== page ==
Tax Penalty for Selling Mutual Fund Shares

Selling a mutual fund can trigger taxes and commissions.

Selling a mutual fund can trigger taxes and commissions.

Mutual funds are a convenient way to own a lot of different investments through a single purchase. Rather than buying 100 different stocks, for example, you can simply buy one stock mutual fund and own pieces of all of those companies at once. When it comes time to sell your mutual fund shares, the Internal Revenue Service treats your sale the same as it would if you sold individual stocks.

Long-Term Capital Gains

You'll get the best tax rate if you can hold your mutual shares for a long time, rather than trading them frequently. The IRS levies a special discounted tax rate, the long-term capital gains rate, for assets you hold longer than one year. As of 2012, the highest long-term capital gains rate was 15 percent. However, if your federal tax rate is below 15 percent, then your long-term capital gains are taxed at 0 percent.

Short-Term Capital Gains

Short-term capital gains are those held for one year or less. The IRS treats short-term capital gains as ordinary income, so you'll have to pay the same tax rate on your short-term gains as your taxable wages, salary and other income. As of 2012, that rate could be as high as 35 percent, if you were married filing jointly with a taxable income of above $388,350.

Fund Penalties

Unless you buy a no-load fund, you might have to pay a commission to your mutual fund company when you sell your shares. Class B shares charge you a declining commission when you sell your fund, depending on how long you've held the shares. For example, you might trigger a 5 percent penalty if you sell your Class B shares in the first year after you buy them, or a 3 percent penalty after two years. Most B-share commissions decline to zero after about six years. Other share classes may also carry back-end commissions, such as Class C shares you sell in the first year.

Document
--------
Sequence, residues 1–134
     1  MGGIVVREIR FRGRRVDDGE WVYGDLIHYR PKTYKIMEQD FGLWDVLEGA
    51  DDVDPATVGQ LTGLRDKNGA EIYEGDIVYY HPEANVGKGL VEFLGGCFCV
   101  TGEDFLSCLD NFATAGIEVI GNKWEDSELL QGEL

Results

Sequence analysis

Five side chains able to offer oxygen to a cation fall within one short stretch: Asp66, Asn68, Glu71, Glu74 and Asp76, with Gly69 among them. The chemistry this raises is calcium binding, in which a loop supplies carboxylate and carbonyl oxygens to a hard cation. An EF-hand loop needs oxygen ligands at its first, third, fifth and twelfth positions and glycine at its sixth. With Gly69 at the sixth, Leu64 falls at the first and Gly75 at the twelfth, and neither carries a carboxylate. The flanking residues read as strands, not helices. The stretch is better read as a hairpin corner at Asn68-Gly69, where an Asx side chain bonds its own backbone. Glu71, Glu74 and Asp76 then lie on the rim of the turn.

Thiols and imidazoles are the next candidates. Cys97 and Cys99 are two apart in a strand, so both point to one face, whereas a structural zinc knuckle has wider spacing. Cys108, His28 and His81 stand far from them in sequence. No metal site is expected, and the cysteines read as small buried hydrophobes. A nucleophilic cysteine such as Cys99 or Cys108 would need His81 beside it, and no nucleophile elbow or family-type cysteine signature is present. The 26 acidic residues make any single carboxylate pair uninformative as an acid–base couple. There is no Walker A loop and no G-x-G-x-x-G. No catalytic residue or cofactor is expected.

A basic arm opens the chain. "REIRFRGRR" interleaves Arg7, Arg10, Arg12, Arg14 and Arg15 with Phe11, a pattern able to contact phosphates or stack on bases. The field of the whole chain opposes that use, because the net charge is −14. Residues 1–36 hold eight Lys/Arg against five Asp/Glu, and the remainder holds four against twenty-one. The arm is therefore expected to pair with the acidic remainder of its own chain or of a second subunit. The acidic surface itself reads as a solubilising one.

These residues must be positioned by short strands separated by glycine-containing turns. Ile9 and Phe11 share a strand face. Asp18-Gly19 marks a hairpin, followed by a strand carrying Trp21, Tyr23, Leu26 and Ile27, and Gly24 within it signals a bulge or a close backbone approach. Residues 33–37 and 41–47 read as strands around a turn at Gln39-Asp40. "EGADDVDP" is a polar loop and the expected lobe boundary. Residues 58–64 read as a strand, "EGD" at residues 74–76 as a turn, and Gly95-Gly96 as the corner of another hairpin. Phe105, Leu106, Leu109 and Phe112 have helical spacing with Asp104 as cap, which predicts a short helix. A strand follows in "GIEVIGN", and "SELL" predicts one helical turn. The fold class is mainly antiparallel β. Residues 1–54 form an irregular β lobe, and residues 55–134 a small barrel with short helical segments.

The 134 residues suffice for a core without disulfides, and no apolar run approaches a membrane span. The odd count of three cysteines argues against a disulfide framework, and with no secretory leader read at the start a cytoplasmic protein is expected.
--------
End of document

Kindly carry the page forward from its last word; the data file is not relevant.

Most fund companies allow you to exchange from one fund to another in the same fund family without paying a sales charge. However, from the perspective of the IRS, your fund exchange is actually a sale of the first fund and a purchase of the second fund. As a result, you'll have to pay taxes if you have a gain at the time you exchange a fund.

Capital Losses

Selling a mutual fund can sometimes provide a tax benefit, rather than a tax penalty. If you sell or exchange your fund at a loss, you can use that loss to offset any other gains you have on your investments. If you have no losses, or have more losses than gains, you can apply up to $3,000 of those losses to lower your ordinary income.


About the Author

After receiving a Bachelor of Arts in English from UCLA, John Csiszar earned a Certified Financial Planner designation and served 18 years as an investment adviser. Csiszar has served as a technical writer for various financial firms and has extensive experience writing for online publications.

Photo Credits

  • Stockbyte/Stockbyte/Getty Images